Oral Health and Hygiene Guidelines

Oral Health and Hygiene Guidelines

By

Dr. Hira S. Chughtai, DDS

 

Introduction

Most people don’t visit a dentist unless they are in pain, but by then it is often too late to take care of a simple problem. What could have been a filling or dental cleaning may now be an extraction or gum surgery. It’s important for all of us to realize the importance of our oral health to avoid pain, unnecessary tooth loss, and expense.

 

Preventative Care

Not taking care of your teeth can also affect the rest of your body.  Without healthy teeth to chew with, we can’t obtain proper nutrition. Also, gum disease has been linked to both diabetes and heart disease. It’s easy to avoid dental problems by following these guidelines:

·         Visit your dentist every six months for an exam and cleaning

·         X-rays will allow your dentist to detect cavities while they are still small

·         Regular cleanings help prevent gum disease and tooth loss

·         A dental exam can screen for signs of oral cancer

 

Children’s Oral Health

Many people don’t think that baby teeth are important because they fall out. However, baby teeth save space in a child’s jaw for the permanent teeth. Infections in baby teeth can cause defects in the developing permanent adult teeth. Here are some tips to prevent cavities in kids:

·         A child’s first dental appointment should occur during their first year

·         Avoid juice and soda in baby bottles

·         Never let a child go to sleep with a milk bottle in their mouth because sugar in the milk can cause severe dental decay

·         Wipe gums with a wet towel after feedings

·         Avoid putting anything in your child’s mouth after it has been in yours, such as spoons to avoid spreading oral bacteria

·         When the first tooth appears, brush gently with a soft toothbrush and fluoride toothpaste

 

Establishing Healthy Habits

Help prevent cavities, gum disease, and their consequences by following these simple rules:

·         Brush with a soft bristle toothbrush and fluoridated toothpaste twice a day for at least two minutes each time

·         Floss in between the teeth at least once daily

·         Denture wearers should remove their dentures nightly to prevent oral infections

·         Brush your teeth or rinse with water after eating, especially after consuming sugary foods and drinks

 

Prevent oral health problems by avoiding bad habits such as:

·         Cigarettes and smokeless tobacco that can cause gum disease and tooth loss

·         Paan (betel nut) that can cause discoloration of the teeth and oral cancers

·         Sugary and acidic drinks, such as soda that cause cavities

For more information about oral health, visit these websites:

http://www.wda.org

http://www.mouthhealthy.org/en/

How Do Canadians Fight Obesity?

Obesity is a worldwide epidemic and according to the World Health Organization (WHO), figures have doubled since the 1980s. According to 2008 statistics, more than 1.4 billion adults across the globe are overweight. These troubling statistics show that obesity has become a much bigger health threat than cigarette smoking.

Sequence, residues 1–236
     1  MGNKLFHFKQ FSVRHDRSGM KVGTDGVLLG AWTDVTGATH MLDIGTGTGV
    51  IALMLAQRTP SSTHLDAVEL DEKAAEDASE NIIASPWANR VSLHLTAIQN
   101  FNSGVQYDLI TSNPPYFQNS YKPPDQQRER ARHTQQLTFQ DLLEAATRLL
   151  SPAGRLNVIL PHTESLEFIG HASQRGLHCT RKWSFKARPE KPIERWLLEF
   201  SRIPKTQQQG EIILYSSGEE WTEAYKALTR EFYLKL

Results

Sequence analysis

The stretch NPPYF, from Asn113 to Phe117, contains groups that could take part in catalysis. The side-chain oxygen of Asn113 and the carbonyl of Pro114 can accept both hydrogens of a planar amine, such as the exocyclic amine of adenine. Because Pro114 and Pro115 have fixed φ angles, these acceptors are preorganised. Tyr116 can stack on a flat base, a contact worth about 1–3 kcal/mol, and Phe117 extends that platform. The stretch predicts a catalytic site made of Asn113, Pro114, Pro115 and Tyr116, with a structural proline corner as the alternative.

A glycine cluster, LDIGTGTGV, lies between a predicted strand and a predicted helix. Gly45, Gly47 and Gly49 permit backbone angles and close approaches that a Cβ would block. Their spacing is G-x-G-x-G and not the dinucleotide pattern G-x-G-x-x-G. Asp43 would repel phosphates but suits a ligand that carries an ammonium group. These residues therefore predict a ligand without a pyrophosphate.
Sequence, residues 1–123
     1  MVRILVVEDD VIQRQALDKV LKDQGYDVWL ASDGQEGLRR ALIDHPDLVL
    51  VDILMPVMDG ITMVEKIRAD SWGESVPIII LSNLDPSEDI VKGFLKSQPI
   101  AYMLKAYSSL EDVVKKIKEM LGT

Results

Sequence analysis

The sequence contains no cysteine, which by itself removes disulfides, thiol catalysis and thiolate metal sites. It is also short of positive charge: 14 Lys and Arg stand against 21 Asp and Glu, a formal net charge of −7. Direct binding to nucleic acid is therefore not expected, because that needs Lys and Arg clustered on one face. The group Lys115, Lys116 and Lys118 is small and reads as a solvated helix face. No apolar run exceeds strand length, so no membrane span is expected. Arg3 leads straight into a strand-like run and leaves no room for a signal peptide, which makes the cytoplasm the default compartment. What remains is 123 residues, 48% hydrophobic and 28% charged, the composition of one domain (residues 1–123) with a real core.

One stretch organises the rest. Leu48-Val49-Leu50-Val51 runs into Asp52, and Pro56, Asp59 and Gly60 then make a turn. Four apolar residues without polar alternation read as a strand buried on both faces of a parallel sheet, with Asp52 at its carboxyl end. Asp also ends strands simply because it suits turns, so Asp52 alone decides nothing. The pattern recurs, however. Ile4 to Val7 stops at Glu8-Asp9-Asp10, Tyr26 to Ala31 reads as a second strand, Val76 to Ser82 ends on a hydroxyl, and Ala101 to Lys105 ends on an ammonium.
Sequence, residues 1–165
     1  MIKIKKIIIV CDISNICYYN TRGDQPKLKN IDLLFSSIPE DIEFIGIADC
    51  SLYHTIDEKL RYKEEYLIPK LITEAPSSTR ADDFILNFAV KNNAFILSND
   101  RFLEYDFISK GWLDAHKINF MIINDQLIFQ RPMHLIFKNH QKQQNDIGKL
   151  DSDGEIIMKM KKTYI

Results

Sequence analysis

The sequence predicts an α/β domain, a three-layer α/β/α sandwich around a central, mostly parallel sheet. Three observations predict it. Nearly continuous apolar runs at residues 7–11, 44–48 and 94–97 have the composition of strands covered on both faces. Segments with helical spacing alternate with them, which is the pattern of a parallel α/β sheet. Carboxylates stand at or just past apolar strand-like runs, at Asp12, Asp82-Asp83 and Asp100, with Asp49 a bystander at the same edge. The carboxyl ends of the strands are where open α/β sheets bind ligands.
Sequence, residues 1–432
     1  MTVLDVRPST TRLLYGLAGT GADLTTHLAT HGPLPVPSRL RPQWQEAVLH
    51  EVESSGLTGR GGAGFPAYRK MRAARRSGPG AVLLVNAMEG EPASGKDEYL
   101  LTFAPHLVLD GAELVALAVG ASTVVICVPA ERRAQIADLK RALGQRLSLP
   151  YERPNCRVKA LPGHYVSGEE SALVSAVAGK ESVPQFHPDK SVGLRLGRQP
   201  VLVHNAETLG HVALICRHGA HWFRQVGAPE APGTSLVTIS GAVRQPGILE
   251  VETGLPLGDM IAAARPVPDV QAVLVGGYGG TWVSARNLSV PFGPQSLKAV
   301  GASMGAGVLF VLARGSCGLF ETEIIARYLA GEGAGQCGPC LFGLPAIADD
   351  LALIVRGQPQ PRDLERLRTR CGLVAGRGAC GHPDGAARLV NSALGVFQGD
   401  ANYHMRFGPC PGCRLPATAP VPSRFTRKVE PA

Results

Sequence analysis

Canada is one of the countries hit hard by the obesity epidemic, the Doctors Health Press reports. Obesity rates in Canada have almost tripled in the past 25 years. The epidemic is affecting children, as well, with 1.5 million Canadian children being overweight. According to a Canadian Health Measures survey, fitness levels have deteriorated among all age groups in the country.

To overcome the problems, Canadians have adopted several healthy diet practices that allow for the preparation of nutritious and balanced meals. Everyone can learn from the Canadian experience and adopt better food preparation methods.

The first way in which Canadians fight obesity involves the barbecue. Meat that has been spiced properly and cooked on the grill is delicious, even without the calorie-filled sauces. Additionally, Canadian families are opting for a bigger number of small meals instead of for few large dishes.

When it comes to snacks, Canadians are making some great changes to their traditional diets, as well. Vegetables, fruits and raw nuts are great snack options. Some manufacturers have even started producing all-vegetable or fruit packaged snacks. To make sure that the snacks are healthy, buyers need to go through the labels to make sure these snacks contain small amounts of sugar.

Raw nuts are exceptionally beneficial but they have to be consumed in moderation. They contain numerous nutrients, healthy lipids and vitamins that the human body needs for proper functioning.

Finally, Canadian families have substituted traditional desserts for healthier options. Yes, there is such thing as a healthy cookie. Wholegrain baked goods are a much better alternative than the sweets made with traditional white flour. The label should also be scanned for information about trans fats and sodium.